Flagship projects 186
Potential flagship projects and activities: 187
Action: ‘Climate change and migitation’ 187
Flagship projects 187
Action: ‘Climate change adaptation’ 188
Annex I: Completed Flagship Projects 195
Annex II: Charting how Priority Areas and Horizontal Actions address
each Objective 201
Abbreviations
AIS
Automatic Identification Systems
B7
Baltic Islands
BaltMet
The Baltic Metropoles Network
BASREC
The Baltic Sea Region Energy Cooperation Initiative
BEMIP
The Baltic Energy Market Interconnection Plan
BOCTA
The Baltic Operational Crime Assessment
BSAP
HELCOM Baltic Sea Action Plan
BSLF
The Baltic Sea Labour Forum
BSR
The Baltic Sea region
BSRAC
Baltic Sea Regional Advisory Council
BSRBCC
The Baltic Sea Region Border Control Cooperation
BSSSC
The Baltic Sea States Subregional Cooperation
BSTF
The Baltic Sea Tourism Forum
BSTF OPC
The Baltic Sea Task Force on Organised Crime in the Baltic Sea Region
BTO 2030
The Baltic Transport Outlook 2030
CBSS
The Council of the Baltic Sea States
CBSS TF-THB
Task Force against Trafficking in Human Beings
CEF
Connecting Europe Facility
CF
Cohesion Fund
CFP
Common Fisheries Policy
CISE
Common Information Sharing Environment
CLLD
Community-Led Local Development
COSME
Programme for the competitiveness of enterprises and SMEs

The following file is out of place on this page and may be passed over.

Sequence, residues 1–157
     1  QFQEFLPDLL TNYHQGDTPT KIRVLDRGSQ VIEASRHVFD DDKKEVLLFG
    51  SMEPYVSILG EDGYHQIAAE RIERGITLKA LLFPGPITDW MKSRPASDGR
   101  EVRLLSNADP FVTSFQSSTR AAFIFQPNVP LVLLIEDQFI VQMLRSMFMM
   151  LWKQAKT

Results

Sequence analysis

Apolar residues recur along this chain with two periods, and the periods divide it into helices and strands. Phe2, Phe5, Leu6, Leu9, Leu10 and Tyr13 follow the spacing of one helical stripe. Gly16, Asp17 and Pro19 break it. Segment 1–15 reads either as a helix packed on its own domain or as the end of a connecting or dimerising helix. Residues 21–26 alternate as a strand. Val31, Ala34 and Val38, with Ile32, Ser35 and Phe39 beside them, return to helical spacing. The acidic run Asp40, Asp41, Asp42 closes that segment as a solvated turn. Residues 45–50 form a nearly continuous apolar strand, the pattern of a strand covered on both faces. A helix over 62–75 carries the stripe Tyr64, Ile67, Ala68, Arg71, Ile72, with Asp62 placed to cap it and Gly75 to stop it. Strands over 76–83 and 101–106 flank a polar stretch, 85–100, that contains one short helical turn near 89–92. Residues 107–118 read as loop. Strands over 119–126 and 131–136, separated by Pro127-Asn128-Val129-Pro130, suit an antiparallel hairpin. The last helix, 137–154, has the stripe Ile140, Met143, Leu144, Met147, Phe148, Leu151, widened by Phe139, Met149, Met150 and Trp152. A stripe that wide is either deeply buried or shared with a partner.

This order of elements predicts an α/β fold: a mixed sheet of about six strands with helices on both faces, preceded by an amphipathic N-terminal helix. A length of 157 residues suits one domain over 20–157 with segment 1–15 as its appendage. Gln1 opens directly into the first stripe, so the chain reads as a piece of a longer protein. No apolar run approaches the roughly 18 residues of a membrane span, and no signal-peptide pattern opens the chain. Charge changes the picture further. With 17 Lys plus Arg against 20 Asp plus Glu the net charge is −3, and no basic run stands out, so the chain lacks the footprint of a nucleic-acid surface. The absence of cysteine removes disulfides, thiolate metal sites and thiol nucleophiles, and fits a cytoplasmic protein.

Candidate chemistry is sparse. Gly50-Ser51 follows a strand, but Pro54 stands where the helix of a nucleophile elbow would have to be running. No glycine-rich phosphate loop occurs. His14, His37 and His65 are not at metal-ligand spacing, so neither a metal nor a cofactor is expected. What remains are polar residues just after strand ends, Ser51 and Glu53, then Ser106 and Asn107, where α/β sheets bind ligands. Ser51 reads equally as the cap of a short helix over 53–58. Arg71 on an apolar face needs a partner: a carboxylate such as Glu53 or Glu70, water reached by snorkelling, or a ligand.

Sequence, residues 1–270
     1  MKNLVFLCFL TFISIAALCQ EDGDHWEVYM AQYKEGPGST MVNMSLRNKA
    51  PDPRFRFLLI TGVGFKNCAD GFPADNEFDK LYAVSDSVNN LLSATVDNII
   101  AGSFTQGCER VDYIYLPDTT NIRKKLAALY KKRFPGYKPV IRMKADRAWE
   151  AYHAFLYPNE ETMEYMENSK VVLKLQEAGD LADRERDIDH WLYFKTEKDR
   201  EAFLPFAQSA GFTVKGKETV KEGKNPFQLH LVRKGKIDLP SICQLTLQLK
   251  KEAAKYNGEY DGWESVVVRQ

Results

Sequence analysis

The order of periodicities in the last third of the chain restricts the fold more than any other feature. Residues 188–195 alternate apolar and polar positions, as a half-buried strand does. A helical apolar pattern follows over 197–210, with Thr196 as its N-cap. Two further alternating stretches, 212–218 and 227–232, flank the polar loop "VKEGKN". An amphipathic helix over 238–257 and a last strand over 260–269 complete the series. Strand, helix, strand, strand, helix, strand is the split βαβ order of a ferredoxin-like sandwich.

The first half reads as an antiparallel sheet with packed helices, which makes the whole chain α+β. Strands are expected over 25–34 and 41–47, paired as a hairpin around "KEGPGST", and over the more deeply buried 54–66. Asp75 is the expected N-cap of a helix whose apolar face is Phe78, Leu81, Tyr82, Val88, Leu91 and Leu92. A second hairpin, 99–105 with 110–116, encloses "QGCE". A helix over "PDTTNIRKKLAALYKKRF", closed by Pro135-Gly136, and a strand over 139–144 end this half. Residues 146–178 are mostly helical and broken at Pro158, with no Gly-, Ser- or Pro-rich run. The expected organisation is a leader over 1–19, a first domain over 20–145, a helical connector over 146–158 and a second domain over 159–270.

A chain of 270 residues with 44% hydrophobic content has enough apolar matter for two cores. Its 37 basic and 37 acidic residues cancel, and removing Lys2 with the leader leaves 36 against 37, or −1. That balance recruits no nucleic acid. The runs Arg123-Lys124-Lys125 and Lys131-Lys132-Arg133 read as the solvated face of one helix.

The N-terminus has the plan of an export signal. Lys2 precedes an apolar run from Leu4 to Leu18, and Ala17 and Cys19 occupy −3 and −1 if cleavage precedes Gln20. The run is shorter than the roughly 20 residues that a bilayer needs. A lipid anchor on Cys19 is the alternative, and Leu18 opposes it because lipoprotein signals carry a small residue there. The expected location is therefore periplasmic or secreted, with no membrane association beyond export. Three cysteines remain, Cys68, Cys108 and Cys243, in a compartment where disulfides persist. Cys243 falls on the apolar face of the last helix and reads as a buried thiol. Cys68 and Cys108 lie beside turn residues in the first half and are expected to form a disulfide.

DG ENERGY
Directorate-General for Energy
DG ENTR
Directorate-General for Enterprise and Industry
DG ENV
Directorate-General for Environment
DG MARE
Directorate-General for Maritime Affairs and Fisheries
DG REGIO
Directorate General for Regional and Urban Policy
EAFRD
European Agricultural Fund for Rural Development
ECoC
European Capitals of Culture
EEZ
Exclusive Economic zone
EFF
European Fisheries Fund
EGCC
The Expert Group for Cooperation on Children at Risk
EIAs
Environmental Impact Assessments
EIB
European Investment Bank
EMFF
European Maritime and Fisheries Fund
ERA
European Research Area
ERDF
European Regional Development Fund
ESF
European Social Fund
EU
European Union
EUSBSR
EU Strategy for the Baltic Sea Region
FDI
Foreign Direct Investment
FP7
The EU’s Seventh Framework Programme for Research
GDP
Gross domestic product
GES
Good Ecological Status
GT
Gross Tonnage
HA
Horizontal Action